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People Have Empathy for Robots, Studies Say

Update Date: Apr 24, 2013 09:53 AM EDT

Humans feel empathy for robots regardless of their form, German researchers say.

Two separate studies conducted by the University of Duisburg Essen in Germany show that humans respond to robots with empathy whether they are shaped like humans or dinosaurs.

The first study required 40 participants to watch a video where a small robot, shaped like a dinosaur, was either treated violently or affectionately. Researchers measured participants physiological arousal (heart rate, pupil dilation, perspiration) while they watched the video, and then asked what their emotional state was following what they had just seen. The data showed that people felt worse and displayed more physiological arousal when the dino-bot was treated violently.

The second study used functional magnetic-resonance imaging (fMRI) to examine 14 participants who also watched videos of a human, a robot, and an inanimate object being treated affectionately and violently. The inanimate object did not trigger a neurological response, but the videos of an affectionate human and robot triggered similar responses in the limbic system - a region of the forebrain that is involved in emotional and autonomic nervous system responses. The abusive videos also yielded a similar response from the limbic system, but the participants displayed more empathy for humans rather than the robots.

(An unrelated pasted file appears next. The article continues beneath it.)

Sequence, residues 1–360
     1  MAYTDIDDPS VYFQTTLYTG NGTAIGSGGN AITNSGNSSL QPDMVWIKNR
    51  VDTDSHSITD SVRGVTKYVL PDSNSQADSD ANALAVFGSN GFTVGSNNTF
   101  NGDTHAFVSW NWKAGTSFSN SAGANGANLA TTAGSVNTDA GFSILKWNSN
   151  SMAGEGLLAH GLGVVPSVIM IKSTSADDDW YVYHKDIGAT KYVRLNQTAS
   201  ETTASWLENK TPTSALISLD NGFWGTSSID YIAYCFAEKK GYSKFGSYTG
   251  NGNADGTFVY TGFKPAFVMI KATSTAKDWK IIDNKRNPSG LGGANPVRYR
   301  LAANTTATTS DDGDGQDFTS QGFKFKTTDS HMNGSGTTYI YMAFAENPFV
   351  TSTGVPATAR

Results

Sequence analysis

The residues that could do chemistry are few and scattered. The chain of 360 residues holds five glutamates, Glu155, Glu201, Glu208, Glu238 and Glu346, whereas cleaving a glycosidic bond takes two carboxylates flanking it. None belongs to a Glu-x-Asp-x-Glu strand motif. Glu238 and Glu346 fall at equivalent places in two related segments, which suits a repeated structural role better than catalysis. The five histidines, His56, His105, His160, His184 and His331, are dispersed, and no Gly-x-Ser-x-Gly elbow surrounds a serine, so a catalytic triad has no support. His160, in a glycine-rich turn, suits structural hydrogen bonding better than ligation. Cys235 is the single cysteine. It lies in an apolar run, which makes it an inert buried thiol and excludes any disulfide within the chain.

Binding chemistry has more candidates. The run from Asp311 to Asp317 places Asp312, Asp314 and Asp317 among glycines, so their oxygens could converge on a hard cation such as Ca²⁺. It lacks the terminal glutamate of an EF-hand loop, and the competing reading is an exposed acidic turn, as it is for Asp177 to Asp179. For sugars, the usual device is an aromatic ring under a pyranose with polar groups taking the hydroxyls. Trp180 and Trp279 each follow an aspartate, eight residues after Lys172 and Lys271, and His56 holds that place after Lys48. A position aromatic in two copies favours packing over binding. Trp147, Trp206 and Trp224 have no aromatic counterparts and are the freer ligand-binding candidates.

For most people, robots mainly exist in sci-fi movies like iRobot and Star Wars, or simply serve to help with maintenance tasks like vacuuming the pool or the living room. But in the near future, human-robot interaction (HRI) will become more important as the development of robotic companions becomes more popular.

Engineers at USC's Robotics Research Lab are already working on a robot named Bandit to help children with autism learn to interact with others, according to the Los Angeles Times. Similarly, the German researchers are trying to develop companion robots to help senior citizens carry out daily tasks, which would provide the elderly with the ability to still live independently in their own homes.

 "Our goal of current robotics research is to develop robotic companions that establish a long-term relationship with a human user, because robot companions can be useful and beneficial tools," Astrid Rosenthal-van der Putten, one of the researchers from the University of Duisberg Essen, said in a statement.

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